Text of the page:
Yes. This is an account of the first ever European, or I should say European and African, expedition to North America. Picking up on our ‘lost’ theme, an expedition of about 300 Spaniards and their African slaves landed at Tampa Bay in 1528. There were only a handful of Africans. I have found evidence for four, but there were almost certainly more. They knew so little about where they were that they assumed they were at Matagorda Bay in Texas. Everything went wrong and shipwreck, disease and Indian attacks left only four of them still alive – three noblemen and an African slave. At that time America was populated by between one million and 18 million Indians – the estimates vary that much. Anyway, these four went native and became Indian shamans. As a result of their status they were able to travel up the Rio Grande to North Mexico and then west to Arizona, south to the Gulf of California and to New Mexico where they ran into some conquistadors going in the opposite direction. This must have been one of the most incredible meetings in history. Fifty lost Spanish conquistadors on horses in the bush in New Mexico and out of the bush come 600 Indians led by three blonde men and a black man.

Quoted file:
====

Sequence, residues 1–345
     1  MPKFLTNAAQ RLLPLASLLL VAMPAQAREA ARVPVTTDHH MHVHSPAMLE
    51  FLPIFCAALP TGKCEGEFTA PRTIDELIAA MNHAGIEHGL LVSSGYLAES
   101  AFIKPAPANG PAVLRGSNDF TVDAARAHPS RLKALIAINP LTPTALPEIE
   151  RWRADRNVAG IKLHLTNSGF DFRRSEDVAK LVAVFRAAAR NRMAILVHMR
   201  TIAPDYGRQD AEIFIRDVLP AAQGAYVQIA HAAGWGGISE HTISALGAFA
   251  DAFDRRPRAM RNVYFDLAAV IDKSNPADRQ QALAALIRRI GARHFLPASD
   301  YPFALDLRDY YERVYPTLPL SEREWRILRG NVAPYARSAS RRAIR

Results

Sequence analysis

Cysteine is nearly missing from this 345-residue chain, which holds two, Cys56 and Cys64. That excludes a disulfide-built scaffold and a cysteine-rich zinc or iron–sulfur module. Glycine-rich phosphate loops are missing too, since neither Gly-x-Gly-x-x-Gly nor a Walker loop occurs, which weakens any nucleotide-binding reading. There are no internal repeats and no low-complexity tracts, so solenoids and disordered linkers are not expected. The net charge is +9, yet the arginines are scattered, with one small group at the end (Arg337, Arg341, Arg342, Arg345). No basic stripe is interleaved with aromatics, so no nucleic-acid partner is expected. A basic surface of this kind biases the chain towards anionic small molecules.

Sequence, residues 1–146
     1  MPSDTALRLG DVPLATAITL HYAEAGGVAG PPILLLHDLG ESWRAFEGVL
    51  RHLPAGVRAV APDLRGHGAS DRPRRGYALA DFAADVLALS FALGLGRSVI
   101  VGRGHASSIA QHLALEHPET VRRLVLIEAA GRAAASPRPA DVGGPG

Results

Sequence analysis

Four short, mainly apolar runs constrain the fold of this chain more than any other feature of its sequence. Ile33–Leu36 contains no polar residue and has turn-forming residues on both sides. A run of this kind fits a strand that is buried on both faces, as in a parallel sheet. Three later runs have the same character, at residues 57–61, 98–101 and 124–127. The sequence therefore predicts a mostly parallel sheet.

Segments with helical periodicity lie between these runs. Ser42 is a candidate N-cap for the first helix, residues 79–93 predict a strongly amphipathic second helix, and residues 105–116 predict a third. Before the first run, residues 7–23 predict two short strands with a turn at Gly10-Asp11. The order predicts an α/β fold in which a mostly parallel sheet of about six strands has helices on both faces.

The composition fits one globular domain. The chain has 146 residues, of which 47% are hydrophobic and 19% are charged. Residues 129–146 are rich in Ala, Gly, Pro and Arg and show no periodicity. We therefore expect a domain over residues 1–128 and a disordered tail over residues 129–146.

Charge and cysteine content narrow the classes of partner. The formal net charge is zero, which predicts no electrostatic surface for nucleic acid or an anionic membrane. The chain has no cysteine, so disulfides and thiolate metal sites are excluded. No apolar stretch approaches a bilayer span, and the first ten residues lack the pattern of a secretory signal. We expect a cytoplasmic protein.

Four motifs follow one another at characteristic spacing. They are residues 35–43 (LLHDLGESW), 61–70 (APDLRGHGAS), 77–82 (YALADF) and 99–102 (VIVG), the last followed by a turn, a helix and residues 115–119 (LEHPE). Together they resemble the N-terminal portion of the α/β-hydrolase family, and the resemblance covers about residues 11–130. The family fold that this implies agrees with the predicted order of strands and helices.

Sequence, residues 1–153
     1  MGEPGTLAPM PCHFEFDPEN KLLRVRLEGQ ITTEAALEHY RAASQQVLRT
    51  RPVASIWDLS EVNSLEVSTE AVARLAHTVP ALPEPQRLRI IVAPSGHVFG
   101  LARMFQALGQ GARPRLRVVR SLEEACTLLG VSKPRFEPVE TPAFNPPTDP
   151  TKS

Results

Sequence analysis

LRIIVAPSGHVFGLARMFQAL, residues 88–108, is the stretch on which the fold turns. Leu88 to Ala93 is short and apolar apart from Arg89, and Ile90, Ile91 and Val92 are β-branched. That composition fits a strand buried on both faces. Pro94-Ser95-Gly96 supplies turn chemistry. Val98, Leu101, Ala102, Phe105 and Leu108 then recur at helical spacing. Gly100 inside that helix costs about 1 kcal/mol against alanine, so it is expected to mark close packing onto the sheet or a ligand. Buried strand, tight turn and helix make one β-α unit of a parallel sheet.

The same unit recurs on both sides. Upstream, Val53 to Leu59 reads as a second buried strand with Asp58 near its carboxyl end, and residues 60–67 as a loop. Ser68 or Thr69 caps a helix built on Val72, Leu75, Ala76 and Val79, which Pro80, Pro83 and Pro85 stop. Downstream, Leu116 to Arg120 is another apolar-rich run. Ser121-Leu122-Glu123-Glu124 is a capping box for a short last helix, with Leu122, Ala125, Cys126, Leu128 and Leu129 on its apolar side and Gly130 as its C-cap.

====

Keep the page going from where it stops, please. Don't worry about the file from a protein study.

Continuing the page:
Had the slave become their equal?